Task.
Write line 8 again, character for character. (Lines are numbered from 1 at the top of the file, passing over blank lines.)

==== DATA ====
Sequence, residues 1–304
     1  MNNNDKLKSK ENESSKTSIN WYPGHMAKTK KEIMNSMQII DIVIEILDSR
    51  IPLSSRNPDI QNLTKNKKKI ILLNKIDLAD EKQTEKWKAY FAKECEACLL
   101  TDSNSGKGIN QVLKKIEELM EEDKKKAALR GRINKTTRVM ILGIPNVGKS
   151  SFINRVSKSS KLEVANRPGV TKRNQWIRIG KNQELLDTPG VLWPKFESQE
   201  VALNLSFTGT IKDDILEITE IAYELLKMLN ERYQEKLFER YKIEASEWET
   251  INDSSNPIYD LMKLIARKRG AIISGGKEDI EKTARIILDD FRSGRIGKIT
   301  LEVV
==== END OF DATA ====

   301  LEVV